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Financing Your Next Home Purchase Without Credit or Qualifying - Part 3

By Donna S. Robinson | August 27, 2012

Part Three: Lease With An Option To Buy

This financing strategy combines a regular rental lease agreement with an option to buy the property at a set price, with specific terms, for a fixed period of time.

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The lease covers the terms of the rental agreement, along with how much of the rental payment may be credited towards the purchase price if the tenant / buyer decides to exercise the option to buy.

The Option to buy is what is known as a "unilateral agreement", meaning that only one party to the agreement - the buyer, has the right to buy or not to buy the property. It is the buyers choice. The seller cannot force a buyer to exercise the option to buy. This is why it is called an option. It is simply an opportunity to purchase, without the obligation to do so. A purchase and sale agreement creates the obligation to perform, whereas an option is the right to perform, but without any obligation to do so.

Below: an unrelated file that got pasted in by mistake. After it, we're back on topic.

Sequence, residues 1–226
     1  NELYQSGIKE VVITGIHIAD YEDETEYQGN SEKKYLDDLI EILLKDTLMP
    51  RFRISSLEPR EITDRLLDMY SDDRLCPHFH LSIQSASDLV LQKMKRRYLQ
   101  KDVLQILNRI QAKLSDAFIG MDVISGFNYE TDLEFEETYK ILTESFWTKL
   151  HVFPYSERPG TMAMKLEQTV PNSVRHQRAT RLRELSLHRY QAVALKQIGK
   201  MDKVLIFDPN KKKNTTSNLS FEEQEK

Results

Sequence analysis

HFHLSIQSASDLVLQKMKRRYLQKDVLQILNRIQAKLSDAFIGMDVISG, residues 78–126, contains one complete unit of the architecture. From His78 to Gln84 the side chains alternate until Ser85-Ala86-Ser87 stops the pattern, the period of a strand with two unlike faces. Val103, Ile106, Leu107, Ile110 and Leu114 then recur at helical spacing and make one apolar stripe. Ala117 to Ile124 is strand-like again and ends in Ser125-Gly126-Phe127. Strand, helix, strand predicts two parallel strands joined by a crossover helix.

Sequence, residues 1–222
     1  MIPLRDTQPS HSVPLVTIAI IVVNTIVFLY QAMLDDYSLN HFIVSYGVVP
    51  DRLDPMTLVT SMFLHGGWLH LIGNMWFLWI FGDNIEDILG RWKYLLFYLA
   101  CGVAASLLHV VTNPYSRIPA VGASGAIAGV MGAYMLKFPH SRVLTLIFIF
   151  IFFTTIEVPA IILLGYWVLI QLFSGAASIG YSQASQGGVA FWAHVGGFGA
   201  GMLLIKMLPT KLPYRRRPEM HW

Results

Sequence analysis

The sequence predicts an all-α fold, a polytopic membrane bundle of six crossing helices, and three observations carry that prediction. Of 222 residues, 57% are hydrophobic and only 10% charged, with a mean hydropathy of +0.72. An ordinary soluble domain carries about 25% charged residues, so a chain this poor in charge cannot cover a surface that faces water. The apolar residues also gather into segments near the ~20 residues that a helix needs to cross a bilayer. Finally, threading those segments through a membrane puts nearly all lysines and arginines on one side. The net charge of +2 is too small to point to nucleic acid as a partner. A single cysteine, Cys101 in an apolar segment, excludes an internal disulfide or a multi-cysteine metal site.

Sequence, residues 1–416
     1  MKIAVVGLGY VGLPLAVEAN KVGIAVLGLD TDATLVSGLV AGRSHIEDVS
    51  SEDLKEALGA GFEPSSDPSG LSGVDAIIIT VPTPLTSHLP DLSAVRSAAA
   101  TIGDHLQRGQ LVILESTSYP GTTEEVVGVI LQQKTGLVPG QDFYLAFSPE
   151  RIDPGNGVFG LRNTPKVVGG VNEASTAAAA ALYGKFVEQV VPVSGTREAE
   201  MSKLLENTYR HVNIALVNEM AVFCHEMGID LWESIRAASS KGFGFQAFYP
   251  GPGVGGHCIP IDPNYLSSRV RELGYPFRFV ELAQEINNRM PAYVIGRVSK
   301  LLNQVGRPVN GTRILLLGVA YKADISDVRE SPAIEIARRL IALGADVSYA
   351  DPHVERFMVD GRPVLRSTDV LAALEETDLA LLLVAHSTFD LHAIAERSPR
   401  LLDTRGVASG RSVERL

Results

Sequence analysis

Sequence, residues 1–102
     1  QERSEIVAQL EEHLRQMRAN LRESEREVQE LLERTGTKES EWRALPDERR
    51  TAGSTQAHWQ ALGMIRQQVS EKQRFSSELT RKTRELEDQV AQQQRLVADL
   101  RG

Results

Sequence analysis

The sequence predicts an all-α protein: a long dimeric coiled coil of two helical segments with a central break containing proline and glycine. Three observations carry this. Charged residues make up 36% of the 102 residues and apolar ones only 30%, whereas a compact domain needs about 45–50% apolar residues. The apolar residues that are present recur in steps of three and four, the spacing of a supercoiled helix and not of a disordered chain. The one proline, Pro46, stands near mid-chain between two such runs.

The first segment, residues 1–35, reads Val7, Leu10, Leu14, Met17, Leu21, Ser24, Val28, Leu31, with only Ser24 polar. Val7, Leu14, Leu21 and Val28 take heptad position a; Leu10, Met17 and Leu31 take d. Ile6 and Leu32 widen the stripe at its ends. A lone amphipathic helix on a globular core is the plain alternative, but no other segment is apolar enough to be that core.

From the buyers perspective, I like options because they give me a chance to try out a property or a business idea before I have to come up with the money to actually finance the deal. And if done with a flexible seller, an option can give a buyer time to gather the money to do the deal without the pressure to get it done in a short time frame.

Options may be for any period of time. A typical time frame is one to two years. Anything much longer than that may be ruled an installment sale by the IRS, creating tax consequences, so it's advisable to use options in increments of one or two years at a time. But you can extend a one year option each year for 5 years if the seller and buyer agree to do that.